My question relates to blood pressure during sex. I'm 29 years old, and have some family history of hypertension, so I'm very mindful of my blood pressure. I check it regularly, and my resting BP is always around 115-125/75-85.
I became curious about what my blood pressure does during sex, so I decided to check it. Halfway through, my blood pressure had elevated to 150/90, and at climax my blood pressure was 198/97. I didn't have any symptoms, aside from my heart racing and being a little out of breath.
Sure enough, within 5 minutes afterward it had gone down to 111/75.
My understanding, from my layperson's interpretation of medical literature, is that this is all completely normal. I've read things saying that it's not uncommon for a man's systolic BP to be 250 or even 300 at the peak of sex.
My question is this, why is it safe for blood pressures to reach such levels during sex? I thought that if someone walked into the ER with a BP of 198/97 is that they would be considered to be in hypertensive urgency. Obviously it's known that sex can precipitate cardiovascular events in people with diseased cardiovascular systems, but why do pressures at that level not routinely cause problems in healthy people, if such pressures are so dangerous?
I'm a layperson, but my guess would be that there's a difference between someone who has a BP of 198/97 for a few moments during sex, and someone who's presumably been walking around for a while with a BP of 198/97 (I.e. someone who walks into the ER with a BP that high and is deemed a hypertensive urgency situation.)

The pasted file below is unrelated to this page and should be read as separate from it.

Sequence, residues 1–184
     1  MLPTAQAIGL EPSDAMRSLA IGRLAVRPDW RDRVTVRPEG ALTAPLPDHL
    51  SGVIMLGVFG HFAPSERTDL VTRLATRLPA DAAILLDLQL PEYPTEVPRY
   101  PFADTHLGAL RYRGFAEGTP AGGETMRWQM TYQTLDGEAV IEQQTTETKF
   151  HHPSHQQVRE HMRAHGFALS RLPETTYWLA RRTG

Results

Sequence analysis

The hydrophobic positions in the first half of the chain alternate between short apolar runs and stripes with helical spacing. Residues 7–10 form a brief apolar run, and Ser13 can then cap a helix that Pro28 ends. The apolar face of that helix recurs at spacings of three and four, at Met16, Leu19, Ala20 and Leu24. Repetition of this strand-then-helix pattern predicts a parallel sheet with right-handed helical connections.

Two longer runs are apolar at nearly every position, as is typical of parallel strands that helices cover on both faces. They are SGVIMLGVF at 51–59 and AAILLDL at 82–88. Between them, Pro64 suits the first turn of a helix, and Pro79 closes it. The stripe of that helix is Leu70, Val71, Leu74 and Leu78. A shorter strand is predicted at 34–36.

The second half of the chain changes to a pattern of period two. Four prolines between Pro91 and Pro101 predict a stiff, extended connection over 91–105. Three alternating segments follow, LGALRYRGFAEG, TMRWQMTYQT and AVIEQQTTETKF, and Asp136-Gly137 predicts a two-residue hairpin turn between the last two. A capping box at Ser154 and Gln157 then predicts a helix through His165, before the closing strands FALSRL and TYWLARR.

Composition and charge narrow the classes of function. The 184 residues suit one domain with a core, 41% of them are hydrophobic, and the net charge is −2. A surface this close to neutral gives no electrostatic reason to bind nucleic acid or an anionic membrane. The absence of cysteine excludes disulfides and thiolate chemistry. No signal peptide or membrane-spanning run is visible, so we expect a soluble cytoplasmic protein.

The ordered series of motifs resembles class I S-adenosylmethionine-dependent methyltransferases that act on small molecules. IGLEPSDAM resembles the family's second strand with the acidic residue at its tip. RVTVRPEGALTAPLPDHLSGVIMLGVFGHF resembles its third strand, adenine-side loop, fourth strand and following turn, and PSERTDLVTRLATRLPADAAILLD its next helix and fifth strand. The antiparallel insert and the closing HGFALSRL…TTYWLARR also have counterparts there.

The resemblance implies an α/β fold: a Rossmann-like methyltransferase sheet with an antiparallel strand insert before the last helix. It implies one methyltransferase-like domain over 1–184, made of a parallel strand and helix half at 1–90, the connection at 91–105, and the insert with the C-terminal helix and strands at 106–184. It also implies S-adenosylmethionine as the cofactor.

Again, I think that this is all normal, and don't need to talk to my doctor about this, but it's more so something that I'm curious about. Any explanation would be appreciated.
You have done a very good job of explaining the fact that exertion raises the blood pressure within the body and causes the heart to work harder placing those vulnerable to coronary ischemia at risk. The effects are over time and transient elevations are not as harmful as prolonged consistent elevations in blood pressure. You are correct that those blood pressure changes are somewhat normal
Copyright 1994-2016MedHelp International.All rights reserved. MedHelp is a division of Aptus Health.
The Content on this Site is presented in a summary fashion, and is intended to be used for educational and entertainment purposes only. It is not intended to be and should not be interpreted as medical advice or a diagnosis of any health or fitness problem, condition or disease; or a recommendation for a specific test, doctor, care provider, procedure, treatment plan, product, or course of action. Med Help International, Inc. is not a medical or healthcare provider and your use of this Site does not create a doctor / patient relationship. We disclaim all responsibility for the professional qualifications and licensing of, and services provided by, any physician or other health providers posting on or otherwise referred to on this Site and/or any Third Party Site. Never disregard the medical advice of your physician or health professional, or delay in seeking such advice, because of something you read on this Site. We offer this Site AS IS and without any warranties. By using this Site you agree to the following Terms and Conditions. If you think you may have a medical emergency, call your physician or 911 immediately.